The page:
Unfortunately for, the experimental philosophy of the female to whose protecting care Oliver Twist was delivered over, a similar result usually attended the operation of _her_ system; for at the very moment when the child had contrived to exist upon the smallest possible portion of the weakest possible food, it did perversely happen in eight and a half cases out of ten, either that it sickened from want and cold, or fell into the fire from neglect, or got half-smothered by accident; in any one of which cases, the miserable little being was usually summoned into another world, and there gathered to the fathers it had never known in this. Occasionally, when there was some more than usually interesting inquest upon a parish child who had been overlooked in turning up a bedstead, or inadvertently scalded to death when there happened to be a washing--though the latter accident was very scarce, anything approaching to a washing being of rare occurrence in the farm--the jury would take it into their heads to ask troublesome questions, or the parishioners would rebelliously affix their signatures to a remonstrance.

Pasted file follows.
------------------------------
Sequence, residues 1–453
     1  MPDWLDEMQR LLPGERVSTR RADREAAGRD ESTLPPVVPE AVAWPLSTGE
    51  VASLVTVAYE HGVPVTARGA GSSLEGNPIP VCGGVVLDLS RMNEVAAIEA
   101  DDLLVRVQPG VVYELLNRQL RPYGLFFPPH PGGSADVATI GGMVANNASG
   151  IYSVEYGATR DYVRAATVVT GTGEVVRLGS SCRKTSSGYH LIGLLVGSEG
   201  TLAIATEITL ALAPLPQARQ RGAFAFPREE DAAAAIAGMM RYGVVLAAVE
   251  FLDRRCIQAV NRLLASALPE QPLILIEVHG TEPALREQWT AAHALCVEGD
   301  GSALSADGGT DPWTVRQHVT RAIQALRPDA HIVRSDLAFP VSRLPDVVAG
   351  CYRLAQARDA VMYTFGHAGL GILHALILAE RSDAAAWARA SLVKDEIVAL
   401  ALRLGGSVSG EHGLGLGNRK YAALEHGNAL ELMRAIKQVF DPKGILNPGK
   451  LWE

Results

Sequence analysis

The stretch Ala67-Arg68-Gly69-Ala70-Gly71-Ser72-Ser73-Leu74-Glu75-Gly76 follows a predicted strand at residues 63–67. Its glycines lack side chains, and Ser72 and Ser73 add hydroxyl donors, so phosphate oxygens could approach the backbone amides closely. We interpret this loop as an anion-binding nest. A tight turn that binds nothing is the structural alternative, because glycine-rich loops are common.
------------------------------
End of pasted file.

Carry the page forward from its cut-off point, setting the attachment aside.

But these impertinences were speedily checked by the evidence of the surgeon, and the testimony of the beadle; the former of whom had always opened the body and found nothing inside (which was very probable indeed), and the latter of whom invariably swore whatever the parish wanted; which was very self-devotional.

Besides, the board made periodical pilgrimages to the farm, and always sent the beadle the day before, to say they were going.

The children were neat and clean to behold, when _they_ went; and what more would the people have! It cannot be expected that this system of farming would produce any very extraordinary or luxuriant crop.

Oliver Twist's ninth birthday found him a pale thin child, somewhat diminutive in stature, and decidedly small in circumference.

But nature or inheritance had implanted a good sturdy spirit in Oliver's breast.

It had had plenty of room to expand, thanks to the spare diet of the establishment; and perhaps to this circumstance may be attributed his having any ninth birth-day at all.

Be this as it may, however, it was his ninth birthday; and he was keeping it in the coal-cellar with a select party of two other young gentleman, who, after participating with him in a sound thrashing, had been locked up for atrociously presuming to be hungry, when Mrs. Mann, the good lady of the house, was unexpectedly startled by the apparition of Mr. Bumble, the beadle, striving to undo the wicket of the garden-gate. 'Goodness gracious!